Coming in to work every day just steps away from a major construction project might seem like a headache for some people. Jackhammers drumming. Saws screeching. Bulldozers, cranes and other heavy equipment beeping their warnings at all hours.
But to me these sounds are echoes of our mission coming to life, proof that Vanderbilt is thinking big and following up with bold action. That’s what the late E. Bronson Ingram was known for, so it’s only fitting that our latest residential college, nearing its 2018 completion next door to my office in Kirkland Hall, is being named in his honor.
As my eye travels further along West End Avenue, I’m reminded of the transformational work to come. Starting in January we aim to break ground on a project to replace Carmichael Towers with three new breathtaking residential colleges, extending the parklike feel of the main campus to an area now dominated by asphalt and parking lots.
Why take on this ambitious endeavor? Why invest in building community, not just housing? Why now?
The answers to these questions are at the heart of our commitment to educating the whole student. Our students spend about 16 or 17 hours each week in the classroom. Learning doesn’t end after those classroom hours. In many ways, that’s when it begins. Especially now, when public dialogue is increasingly discordant, our imperative to teach and model reasoned, civil discourse from all viewpoints and perspectives is more urgent than ever.
Residential colleges make a Vanderbilt education a 24/7 experience. They provide an immersive environment where core values like civility, inclusion and empathy are not just taught, but are lived. This is why we are investing strategically in building living–learning environments that encourage our students to ask, with an open and inquisitive mind, the questions that will prepare them to lead: “Why do you think that?” “Can you tell me more?” “Can we solve this together?”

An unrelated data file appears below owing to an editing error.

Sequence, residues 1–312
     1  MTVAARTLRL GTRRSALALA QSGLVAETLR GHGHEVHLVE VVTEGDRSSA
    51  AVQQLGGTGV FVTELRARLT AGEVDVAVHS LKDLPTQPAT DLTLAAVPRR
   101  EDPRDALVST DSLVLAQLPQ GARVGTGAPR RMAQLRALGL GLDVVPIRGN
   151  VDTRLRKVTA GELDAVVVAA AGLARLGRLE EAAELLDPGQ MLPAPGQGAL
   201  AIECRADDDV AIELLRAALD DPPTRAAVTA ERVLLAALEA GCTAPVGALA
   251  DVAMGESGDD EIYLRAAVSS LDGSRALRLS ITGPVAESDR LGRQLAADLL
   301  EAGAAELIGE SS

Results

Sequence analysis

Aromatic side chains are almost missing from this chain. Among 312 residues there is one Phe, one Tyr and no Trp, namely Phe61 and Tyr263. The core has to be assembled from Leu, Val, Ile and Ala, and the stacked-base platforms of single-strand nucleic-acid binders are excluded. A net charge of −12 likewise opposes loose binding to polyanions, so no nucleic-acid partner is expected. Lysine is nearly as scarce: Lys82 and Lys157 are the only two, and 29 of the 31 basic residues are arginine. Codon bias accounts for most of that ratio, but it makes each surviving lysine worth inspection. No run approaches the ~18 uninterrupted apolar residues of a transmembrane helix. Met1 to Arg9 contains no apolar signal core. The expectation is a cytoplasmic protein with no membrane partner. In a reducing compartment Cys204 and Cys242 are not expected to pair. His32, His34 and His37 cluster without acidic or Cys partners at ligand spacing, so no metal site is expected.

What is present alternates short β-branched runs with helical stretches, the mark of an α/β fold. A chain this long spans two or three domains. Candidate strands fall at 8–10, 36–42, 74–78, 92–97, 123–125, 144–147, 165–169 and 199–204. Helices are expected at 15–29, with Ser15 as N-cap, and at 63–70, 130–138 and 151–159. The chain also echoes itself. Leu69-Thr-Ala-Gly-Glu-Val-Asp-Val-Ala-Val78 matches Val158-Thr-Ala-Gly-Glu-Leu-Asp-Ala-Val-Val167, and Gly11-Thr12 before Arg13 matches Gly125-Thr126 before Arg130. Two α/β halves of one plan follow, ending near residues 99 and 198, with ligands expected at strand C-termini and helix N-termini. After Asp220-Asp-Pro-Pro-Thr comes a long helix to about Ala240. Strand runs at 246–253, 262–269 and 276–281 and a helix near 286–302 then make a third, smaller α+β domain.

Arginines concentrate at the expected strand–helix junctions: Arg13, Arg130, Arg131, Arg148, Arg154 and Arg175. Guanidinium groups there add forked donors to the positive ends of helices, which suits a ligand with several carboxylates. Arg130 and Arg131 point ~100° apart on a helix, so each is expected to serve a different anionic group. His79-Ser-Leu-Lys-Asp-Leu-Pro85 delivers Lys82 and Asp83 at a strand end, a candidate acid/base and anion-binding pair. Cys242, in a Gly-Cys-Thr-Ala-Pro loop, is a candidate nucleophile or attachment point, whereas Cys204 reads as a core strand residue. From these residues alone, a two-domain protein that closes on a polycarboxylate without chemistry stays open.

The community we are building today is in some ways a vast amplification of efforts that started nearly three decades ago when Vanderbilt signed on as the inaugural school to participate in the Posse Scholars program, which identifies talented students from low-income backgrounds and helps them pay to attend a top-tier university.
As you will read in this feature, Vanderbilt alumna and Board of Trust member Shirley M. Collado, BS’94, a member of the first Posse class in 1989, dared to board a bus from her Dominican neighborhood in New York City and travel to this unknown place called Vanderbilt. It was one of many firsts for Shirley, who this summer became president of Ithaca College, placing at the center of her leadership agenda an effort to foster dialogue and inclusion among the entire school community. The bright light of Shirley’s leadership shines across higher education, and as a member of our board, we continue to benefit from her vision and service at Vanderbilt.
Our newest students are building on the legacy of excellence established by Shirley and so many of our remarkable alumni. This year Vanderbilt welcomed the most academically accomplished and diverse class in the university’s history. More than 90 percent of the entering class were in the top 10 percent of their high school graduating classes, and fully 45 percent of the 1,607 freshmen come from minority groups. All of them are demonstrated leaders.
Critical to building a robust academic institution, of course, is having the ability to attract a world-class faculty. That is why Vanderbilt announced this fall that it is investing $30 million in the Chancellor’s Chair Challenge. We hope to add 30 endowed chairs—the highest academic honor we can bestow on a faculty member—to our 420 current endowed chairs. These chair designations signify an enduring commitment to advance groundbreaking research and discovery, some of which you will read about in this issue’s cover story, spanning areas from the humanities to the latest scientific and engineering breakthroughs.
As many of you saw at Reunion in October, and as you will read about in this issue, a lot of building is happening on campus—in ways visible and not. But it’s not just a single building or university initiative. Together we are building the future of this great university.
—NICHOLAS S. ZEPPOS, CHANCELLOR